Life can be most unfair, and few would be more aware of this than former Western Bulldogs ruckman Luke Darcy, who was cruelly stiffed for a Brownlow Medal in 2002. By every other reckoning — those of his fellow AFL players and Football Media Association, to name but two — he was that year’s best and fairest without a doubt. But the umpires, who would soon be wearing the sponsored name and logo of the OPSM eyewear chain, didn’t see things that way and footy’s top award went instead to the Lions’ Simon Black.
After his retirement Darcy embraced a career talking sports on a Melbourne radio station, which is a further reminder that things which should be often aren’t. That came just the other day, when Victoria Premier Daniel Andrews submitted to an interview with Darcy and co-host Eddie McGuire. It was a gab session he had every reason to surmise would be a piece of cake.
Every day around noon Andrews fronts the press and bats away reporters’ questions with what recent efforts suggest is a capacity for lying that would put a formally diagnosed sociopath to shame. Factor in that McGuire’s brother is a silvertail socialist who represents gritty Broadmeadows in the state parliament while residing in ritzy, far-away Brighton, and Andrews must have been as confident of an easy ride as he is of Victoria Police standing ready to kick down critics’ doors, harass elderly women on park benches and arrest pregnant ladies in their pyjamas.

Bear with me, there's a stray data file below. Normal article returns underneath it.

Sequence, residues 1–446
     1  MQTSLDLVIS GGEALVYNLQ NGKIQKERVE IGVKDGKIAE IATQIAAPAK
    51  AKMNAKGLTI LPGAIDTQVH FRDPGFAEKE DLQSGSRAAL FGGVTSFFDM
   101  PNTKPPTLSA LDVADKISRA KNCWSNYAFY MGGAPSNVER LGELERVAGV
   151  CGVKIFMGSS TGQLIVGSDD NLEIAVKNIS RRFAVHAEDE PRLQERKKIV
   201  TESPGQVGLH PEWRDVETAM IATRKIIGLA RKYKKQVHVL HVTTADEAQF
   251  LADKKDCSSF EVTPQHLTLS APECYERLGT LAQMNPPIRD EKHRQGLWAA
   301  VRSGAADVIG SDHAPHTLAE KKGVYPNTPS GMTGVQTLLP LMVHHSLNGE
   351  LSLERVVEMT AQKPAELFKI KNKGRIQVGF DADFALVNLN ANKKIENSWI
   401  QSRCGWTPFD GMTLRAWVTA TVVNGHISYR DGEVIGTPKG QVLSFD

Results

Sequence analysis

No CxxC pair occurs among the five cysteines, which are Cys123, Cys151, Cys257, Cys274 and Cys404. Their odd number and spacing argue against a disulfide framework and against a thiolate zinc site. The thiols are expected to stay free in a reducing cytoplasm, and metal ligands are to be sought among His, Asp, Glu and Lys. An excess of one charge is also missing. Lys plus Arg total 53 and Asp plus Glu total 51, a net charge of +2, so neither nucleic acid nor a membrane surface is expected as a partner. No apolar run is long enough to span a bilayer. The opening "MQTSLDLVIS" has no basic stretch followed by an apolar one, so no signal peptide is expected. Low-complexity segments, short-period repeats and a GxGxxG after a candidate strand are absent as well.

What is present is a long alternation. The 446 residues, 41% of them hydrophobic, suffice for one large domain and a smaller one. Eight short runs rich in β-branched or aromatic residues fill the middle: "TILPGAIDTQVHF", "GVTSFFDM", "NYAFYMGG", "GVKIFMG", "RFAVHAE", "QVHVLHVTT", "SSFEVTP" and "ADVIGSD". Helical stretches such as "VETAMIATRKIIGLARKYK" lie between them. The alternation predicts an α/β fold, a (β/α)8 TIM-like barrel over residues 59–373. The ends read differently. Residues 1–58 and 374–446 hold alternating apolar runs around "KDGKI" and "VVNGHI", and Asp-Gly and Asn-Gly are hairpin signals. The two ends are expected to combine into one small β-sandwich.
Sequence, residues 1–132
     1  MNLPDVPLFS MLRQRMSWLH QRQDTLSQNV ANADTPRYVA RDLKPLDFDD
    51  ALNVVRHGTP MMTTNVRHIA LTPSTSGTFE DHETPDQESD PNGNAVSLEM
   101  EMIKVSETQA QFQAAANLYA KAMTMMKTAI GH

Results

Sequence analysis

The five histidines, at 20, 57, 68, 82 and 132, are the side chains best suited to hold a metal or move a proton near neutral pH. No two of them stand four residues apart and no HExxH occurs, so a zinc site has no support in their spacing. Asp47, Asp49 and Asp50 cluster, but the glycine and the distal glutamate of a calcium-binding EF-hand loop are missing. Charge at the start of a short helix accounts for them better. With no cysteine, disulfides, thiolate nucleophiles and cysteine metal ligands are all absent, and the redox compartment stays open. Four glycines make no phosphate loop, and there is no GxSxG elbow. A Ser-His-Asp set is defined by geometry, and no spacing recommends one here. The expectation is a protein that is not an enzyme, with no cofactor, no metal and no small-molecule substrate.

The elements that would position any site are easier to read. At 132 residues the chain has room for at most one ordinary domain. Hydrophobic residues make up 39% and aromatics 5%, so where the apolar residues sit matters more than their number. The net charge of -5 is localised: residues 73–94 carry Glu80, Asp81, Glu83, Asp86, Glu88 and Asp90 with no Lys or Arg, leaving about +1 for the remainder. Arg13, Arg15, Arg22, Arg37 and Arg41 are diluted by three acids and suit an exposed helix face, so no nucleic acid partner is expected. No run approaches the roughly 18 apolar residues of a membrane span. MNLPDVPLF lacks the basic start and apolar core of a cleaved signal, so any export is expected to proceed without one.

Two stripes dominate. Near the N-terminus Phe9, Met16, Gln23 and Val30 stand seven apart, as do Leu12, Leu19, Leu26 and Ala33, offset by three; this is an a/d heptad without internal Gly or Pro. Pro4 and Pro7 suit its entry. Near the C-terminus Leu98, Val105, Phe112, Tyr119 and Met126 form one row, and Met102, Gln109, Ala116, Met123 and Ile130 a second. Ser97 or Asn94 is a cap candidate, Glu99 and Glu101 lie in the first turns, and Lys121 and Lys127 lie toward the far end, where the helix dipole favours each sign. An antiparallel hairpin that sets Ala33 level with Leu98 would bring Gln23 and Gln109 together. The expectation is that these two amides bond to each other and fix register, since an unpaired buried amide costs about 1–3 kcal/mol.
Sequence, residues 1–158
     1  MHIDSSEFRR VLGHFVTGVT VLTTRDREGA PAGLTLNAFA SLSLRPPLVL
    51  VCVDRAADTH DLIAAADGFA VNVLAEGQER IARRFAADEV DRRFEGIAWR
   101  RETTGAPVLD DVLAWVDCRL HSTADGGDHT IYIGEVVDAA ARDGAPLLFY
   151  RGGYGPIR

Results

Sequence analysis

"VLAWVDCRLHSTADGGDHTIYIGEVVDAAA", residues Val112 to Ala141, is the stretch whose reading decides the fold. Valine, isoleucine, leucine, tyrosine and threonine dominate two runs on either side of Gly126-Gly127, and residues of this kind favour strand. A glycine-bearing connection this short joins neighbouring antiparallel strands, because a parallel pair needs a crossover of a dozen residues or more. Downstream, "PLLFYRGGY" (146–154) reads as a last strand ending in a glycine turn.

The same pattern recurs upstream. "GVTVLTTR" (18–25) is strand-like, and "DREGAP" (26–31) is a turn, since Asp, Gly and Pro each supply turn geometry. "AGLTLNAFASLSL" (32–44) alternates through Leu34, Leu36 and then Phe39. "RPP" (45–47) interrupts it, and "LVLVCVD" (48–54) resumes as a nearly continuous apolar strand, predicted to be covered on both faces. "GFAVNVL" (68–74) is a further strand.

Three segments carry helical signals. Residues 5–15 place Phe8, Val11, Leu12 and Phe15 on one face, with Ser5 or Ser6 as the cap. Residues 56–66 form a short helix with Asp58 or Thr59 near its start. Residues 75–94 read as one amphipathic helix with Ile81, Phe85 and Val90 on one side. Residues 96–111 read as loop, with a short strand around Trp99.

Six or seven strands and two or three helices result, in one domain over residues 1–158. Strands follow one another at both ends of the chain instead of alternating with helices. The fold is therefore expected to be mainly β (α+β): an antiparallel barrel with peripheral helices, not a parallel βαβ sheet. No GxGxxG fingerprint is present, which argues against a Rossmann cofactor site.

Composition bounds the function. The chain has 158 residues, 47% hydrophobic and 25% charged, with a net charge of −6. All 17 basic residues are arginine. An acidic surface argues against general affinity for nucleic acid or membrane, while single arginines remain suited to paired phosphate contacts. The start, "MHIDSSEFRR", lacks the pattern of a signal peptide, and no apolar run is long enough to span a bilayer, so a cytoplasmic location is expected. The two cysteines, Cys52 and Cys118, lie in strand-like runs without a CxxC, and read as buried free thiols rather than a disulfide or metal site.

It was not to be. In an articulate, passionate and fact-backed series of questions, the former ruckman came closer to exposing the Premier’s incompetence (except at dissembling) than all but one or two of the hacks who gather daily as court stenographers to the Sultan of Spring Street.
Darcy’s quizzing of the Premier (while microphone mate McGuire bites a diplomatic tongue) can be heard in full below. Listen and be reminded that it isn’t just the retired ruckman who had to settle for the less than he deserved. The rest of us, mired in the daily farce of life in weary, locked-down, curfew’d Melbourne, would have been much better served had he taken up political reporting after retiring his Bulldog boots.
— roger franklin